1972, Revisited: Dick’s Feminist Reinterpretation of the Watergate Scandal

By Charlotte Turner | January 26, 2022

Most everyone knows what happened at Watergate. After burglars attempted to wiretap the offices of the Democratic Party, Washington Post reporters Bob Woodward and Carl Bernstein, along with help from the shadowy figure known as Deep Throat, uncovered that President Richard Nixon was involved, leading to his resignation. As one of the major political events of the 20th century, Watergate has permeated the public consciousness for decades. Furthermore, thanks to widespread news coverage, and multi-award nominated films such as All The President’s Men (1976), there now exists an American national memory of the scandal leading to a shared interpretation of the country’s past. This memory dictates that male good triumphed over male evil, and everything was made right again. 

But what if we don’t really know what happened? What if these myths of masculinity and power and men saving the day were wrong? 

Wildly different from the other, much more serious films made about Watergate, the historical revisionist comedy Dick (1999), serves up an alternate version of the events. The film follows 15-year-old girls Betsy (Kirsten Dunst) and Arlene (Michelle Williams), who through a series of events become Nixon’s (Dan Hedaya) secret youth advisors and eventually become Deep Throat. They’re the ones who reveal the truth, not in spite of the fact but because they’re dismissed as ‘dumb teenage girls.’

Dick reimagines the national memory of Watergate through a feminist lens by making teenage girls the heroes of the story, and by positioning the male characters as incompetent buffoons, whether or not they’re the good guys. It forces the audience to re-examine who is assumed to be capable, and who is remembered by history.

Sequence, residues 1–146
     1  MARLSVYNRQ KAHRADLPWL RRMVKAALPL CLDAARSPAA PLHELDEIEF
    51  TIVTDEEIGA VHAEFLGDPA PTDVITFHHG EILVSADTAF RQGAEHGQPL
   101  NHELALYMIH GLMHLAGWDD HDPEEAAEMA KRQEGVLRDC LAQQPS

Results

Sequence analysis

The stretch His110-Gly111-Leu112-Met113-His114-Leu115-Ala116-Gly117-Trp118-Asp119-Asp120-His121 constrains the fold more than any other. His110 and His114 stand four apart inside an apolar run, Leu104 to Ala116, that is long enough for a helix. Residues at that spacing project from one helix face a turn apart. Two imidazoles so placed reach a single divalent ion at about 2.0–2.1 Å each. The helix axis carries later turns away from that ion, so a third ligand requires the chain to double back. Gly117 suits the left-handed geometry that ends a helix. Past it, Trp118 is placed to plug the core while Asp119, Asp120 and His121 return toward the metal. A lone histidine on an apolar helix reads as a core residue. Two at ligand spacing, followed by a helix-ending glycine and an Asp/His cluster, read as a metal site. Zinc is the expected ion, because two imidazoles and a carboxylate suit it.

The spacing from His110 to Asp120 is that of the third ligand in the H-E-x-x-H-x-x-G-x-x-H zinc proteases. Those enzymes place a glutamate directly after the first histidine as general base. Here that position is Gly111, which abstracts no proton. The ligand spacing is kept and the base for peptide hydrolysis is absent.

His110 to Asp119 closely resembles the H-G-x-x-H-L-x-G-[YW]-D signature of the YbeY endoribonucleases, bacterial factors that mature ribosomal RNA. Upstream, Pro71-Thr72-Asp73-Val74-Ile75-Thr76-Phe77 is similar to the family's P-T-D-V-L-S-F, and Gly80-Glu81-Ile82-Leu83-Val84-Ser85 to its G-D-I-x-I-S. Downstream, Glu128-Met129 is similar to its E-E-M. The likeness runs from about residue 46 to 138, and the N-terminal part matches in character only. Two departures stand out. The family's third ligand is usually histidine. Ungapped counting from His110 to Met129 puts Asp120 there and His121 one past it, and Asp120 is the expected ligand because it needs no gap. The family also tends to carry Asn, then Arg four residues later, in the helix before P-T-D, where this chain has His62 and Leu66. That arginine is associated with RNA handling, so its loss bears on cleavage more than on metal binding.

The premise of Dick sounds laughable. Two teenage girls take down a president? But it’s these exact kinds of assumptions made by Nixon, Woodward (Will Ferrell) and Bernstein (Bruce McCulloch) alike that ensures their success. As Betsy declares near the end of the film, ‘we’re not dumb teenage girls, we’re human beings’. 

Dick creates a new story out of Betsy and Arlene becoming the main characters of Watergate. Thanks to fantastic performances from Dunst and Williams, full of youthful sincerity and optimism, we’re laughing with them, not at them. On the surface, they’re stereotypical ditzes, but the film demonstrates a disconnect between how male characters perceive Betsy and Arlene, and how they actually act. Yes, they may be a little dim, and more interested in teen idols and Nixon’s dog than politics. However, early in the film Arlene declares she loves the singer Bobby Sherman as he cares about ecology, and Betsy implores Nixon to end the Vietnam War over concerns for her recently drafted brother’s safety. 

Betsy and Arlene, aka “Deep Throat”, sick of Woodward and Bernstein’s buffoonery. Dick (1999). Sony.